HMGB1 injection into the mouse heart, acutely after myocardial infarction (MI), improves left ventricular (LV) function and prevents remodeling. Here, we examined the effect of HMGB1 in chronically failing hearts.
Methods and Results
Adult C57 BL16 female mice underwent coronary artery ligation; three weeks later 200 ng HMGB1 or denatured HMGB1 (control) were injected in the peri-infarcted region of mouse failing hearts. Four weeks after treatment, both echocardiography and hemodynamics demonstrated a significant improvement in LV function in HMGB1-treated mice. Further, HMGB1-treated mice exhibited a ∼23% reduction in LV volume, a ∼48% increase in infarcted wall thickness and a ∼14% reduction in collagen deposition. HMGB1 induced cardiac regeneration and, within the infarcted region, it was found a ∼2-fold increase in c-kit+ cell number, a ∼13-fold increase in newly formed myocytes and a ∼2-fold increase in arteriole length density. HMGB1 also enhanced MMP2 and MMP9 activity and decreased TIMP-3 levels. Importantly, miR-206 expression 3 days after HMGB1 treatment was 4-5-fold higher than in control hearts and 20–25 fold higher that in sham operated hearts. HMGB1 ability to increase miR-206 was confirmed in vitro, in cardiac fibroblasts. TIMP3 was identified as a potential miR-206 target by TargetScan prediction analysis; further, in cultured cardiac fibroblasts, miR-206 gain- and loss-of-function studies and luciferase reporter assays showed that TIMP3 is a direct target of miR-206.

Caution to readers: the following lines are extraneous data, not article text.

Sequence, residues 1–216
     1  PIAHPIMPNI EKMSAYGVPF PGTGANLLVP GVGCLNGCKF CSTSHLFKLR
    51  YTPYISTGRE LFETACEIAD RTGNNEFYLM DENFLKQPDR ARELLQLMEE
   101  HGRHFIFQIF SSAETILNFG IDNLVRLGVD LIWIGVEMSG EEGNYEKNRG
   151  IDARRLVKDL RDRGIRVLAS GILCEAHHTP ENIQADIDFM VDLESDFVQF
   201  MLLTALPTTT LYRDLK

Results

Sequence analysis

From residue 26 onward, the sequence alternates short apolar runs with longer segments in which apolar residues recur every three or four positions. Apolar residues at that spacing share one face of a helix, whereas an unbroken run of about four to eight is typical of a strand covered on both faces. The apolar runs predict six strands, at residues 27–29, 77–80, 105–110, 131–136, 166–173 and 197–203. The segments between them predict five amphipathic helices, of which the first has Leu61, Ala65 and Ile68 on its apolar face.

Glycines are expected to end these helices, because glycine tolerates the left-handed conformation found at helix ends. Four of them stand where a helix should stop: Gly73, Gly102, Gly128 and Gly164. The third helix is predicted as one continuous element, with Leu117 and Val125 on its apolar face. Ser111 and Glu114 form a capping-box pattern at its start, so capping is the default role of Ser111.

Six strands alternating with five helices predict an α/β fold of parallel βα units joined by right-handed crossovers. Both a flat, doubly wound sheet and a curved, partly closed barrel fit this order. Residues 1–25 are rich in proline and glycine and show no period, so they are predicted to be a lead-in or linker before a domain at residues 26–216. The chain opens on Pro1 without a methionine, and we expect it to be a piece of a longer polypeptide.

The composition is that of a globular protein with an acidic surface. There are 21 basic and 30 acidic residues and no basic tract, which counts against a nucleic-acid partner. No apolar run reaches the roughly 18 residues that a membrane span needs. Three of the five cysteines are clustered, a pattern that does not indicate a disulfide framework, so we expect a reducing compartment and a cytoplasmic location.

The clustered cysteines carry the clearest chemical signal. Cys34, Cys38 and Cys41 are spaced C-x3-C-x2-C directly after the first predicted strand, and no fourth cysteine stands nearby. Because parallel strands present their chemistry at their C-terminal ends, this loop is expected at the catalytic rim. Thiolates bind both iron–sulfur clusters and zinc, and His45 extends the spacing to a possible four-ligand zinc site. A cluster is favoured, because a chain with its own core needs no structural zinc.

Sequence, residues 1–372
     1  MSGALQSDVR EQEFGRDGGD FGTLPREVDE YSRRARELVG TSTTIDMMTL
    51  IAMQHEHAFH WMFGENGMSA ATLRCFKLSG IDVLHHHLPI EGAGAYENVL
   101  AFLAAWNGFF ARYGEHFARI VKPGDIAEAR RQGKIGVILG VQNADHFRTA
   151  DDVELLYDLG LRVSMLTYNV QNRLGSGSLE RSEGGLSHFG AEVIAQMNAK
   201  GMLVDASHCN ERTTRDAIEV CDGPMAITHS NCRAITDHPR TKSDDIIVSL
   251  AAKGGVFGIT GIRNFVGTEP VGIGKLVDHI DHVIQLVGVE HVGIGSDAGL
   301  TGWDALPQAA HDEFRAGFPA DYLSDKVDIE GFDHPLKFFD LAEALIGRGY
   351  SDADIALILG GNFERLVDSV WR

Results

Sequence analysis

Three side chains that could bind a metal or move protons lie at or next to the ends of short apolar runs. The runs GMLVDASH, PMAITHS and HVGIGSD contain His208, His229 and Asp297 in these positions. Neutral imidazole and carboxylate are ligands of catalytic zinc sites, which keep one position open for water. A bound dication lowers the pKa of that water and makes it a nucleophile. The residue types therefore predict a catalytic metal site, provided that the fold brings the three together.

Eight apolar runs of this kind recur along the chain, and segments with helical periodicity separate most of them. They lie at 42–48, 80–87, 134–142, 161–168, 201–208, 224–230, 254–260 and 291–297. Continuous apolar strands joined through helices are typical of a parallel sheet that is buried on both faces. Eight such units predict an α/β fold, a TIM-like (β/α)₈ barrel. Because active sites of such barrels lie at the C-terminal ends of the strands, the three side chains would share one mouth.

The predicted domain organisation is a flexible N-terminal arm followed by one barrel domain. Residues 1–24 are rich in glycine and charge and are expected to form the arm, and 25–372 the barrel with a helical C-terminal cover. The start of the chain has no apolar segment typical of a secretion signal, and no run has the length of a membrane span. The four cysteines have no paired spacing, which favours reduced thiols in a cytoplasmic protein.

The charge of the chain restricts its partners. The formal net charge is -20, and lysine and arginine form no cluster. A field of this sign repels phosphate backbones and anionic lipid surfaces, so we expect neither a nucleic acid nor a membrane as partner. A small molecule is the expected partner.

HMGB1 injected into chronically failing hearts enhanced LV function and attenuated LV remodelling; these effects were associated with cardiac regeneration, increased collagenolytic activity, miR-206 overexpression and miR-206 -mediated inhibition of TIMP-3.